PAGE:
Landscape & Irrigation

October 2017

Landscape and Irrigation is read by decision makers throughout the landscape and irrigation markets — including contractors, landscape architects, professional grounds managers, and irrigation and water mgmt companies and reaches the entire spetrum.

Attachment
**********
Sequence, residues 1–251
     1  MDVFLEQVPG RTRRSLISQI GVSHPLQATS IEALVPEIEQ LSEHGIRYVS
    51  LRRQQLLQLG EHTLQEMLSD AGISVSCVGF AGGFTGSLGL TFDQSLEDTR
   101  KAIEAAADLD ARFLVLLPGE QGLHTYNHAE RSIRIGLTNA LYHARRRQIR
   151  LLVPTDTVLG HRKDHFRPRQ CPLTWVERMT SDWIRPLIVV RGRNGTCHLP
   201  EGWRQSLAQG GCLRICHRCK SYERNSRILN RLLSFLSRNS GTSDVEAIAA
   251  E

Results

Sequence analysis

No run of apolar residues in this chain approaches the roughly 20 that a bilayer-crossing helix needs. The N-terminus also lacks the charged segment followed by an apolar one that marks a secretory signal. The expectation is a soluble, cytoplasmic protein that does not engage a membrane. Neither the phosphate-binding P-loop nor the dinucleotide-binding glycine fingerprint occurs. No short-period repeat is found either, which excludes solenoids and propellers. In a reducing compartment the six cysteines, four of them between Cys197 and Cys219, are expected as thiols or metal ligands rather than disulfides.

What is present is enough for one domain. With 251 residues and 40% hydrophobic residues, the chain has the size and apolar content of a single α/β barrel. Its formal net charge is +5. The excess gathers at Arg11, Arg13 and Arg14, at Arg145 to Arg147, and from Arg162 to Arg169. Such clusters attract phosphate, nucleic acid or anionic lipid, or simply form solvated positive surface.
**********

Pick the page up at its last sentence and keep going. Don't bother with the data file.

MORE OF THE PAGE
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Page 12 of 50 Landscape and Irrigation October 2017 13 Develop production cost per man hour from your P&L statement and payroll reports. Make sure you only use production labor and production equipment costs. Include the hours you do field work or directly supervise job sites. Do not include subcontractors or job materials. Add up the rest of your non-production expenses such as phones, rent, marketing, business licenses, office help, software purchases or subscriptions, etc., to determine overhead. Add together overhead, full labor costs (payroll plus labor burden) and production equipment costs, then divide by the number of crew payroll production hours, plus your own field hours. This will give you a simple calculation and result for overall cost of operation per crew hour. It's not the ultimate answer to knowing your numbers, because not every crew may be the same size, and some may use grossly dissimilar equipment resources, and/or require differing amounts of supervision on your part. If you do not have some of the listed items in your overhead expenses, find out or estimate what they cost and include them. This will ensure you have enough money in the future to add these expenses as you grow, and not create sticker shock for your customers with a big price hike. Plan and build for the future as if you own it now. Success means ditching denial and fear Too often in my 45 years in the green industry I have personally heard, or read in industry forums, contractors saying they can't bid, charge or get "that much money" for a given service. There are only three reasons that could be: your work isn't worth more money; you are trying to run a business in demographics that don't support your services; or you have never asked or bid a service at a higher, more profitable price. Let's throw reasons one and two out the window on the assumption your work is industry best, and your clients have plenty of discretionary income. Having calculated your production costs and times, then comparing them to what you are charging for some services can be a shocking revelation. The first tendency is to deny the calculations and justify by thinking you made a mistake, or that a professional like myself doesn't know what they are talking about or how it is on the street. The second tendency is being fearful of losing clients or bids because your new and proper pricing is too high. Your cost numbers are not lying. Your old pricing methods that lack a system are leading you off course. Charging what you hear the other guy charges or making something up out of thin air or gut instinct is not a pricing and success system. How to avoid the fear factor of charging more money Have confidence that it is highly unlikely every job you price is priced wrong. Before learning what your costs are and comparing costs versus revenue on your jobs, you simply didn't know the difference between a profit maker and a profit taker. If you use your new cost information and look at some past bids, you may have also overbid some jobs that could have been done profitably for less money. When you come to grips with your numbers being right, and fear of the unknown is the only thing holding you back, success can be ridiculously simple. Raise prices on your money-losing clients and services without apology or justification, and let the chips fall where they may. Define your profitable customers and services, then target those types of clients and push those services. Most often, contractors are pleasantly surprised at how few clients quit or complain when they are delivering great customer service and quality work. They knew you were too cheap to start with. Get financially healthy and live. Harold Fox was a lawn care and irrigation contractor servicing residential and commercial clients in southern New Jersey for 43 years. He is a past president of the Irrigation Association of New Jersey. Fox sold his company and retired in 2015. He can be reached at

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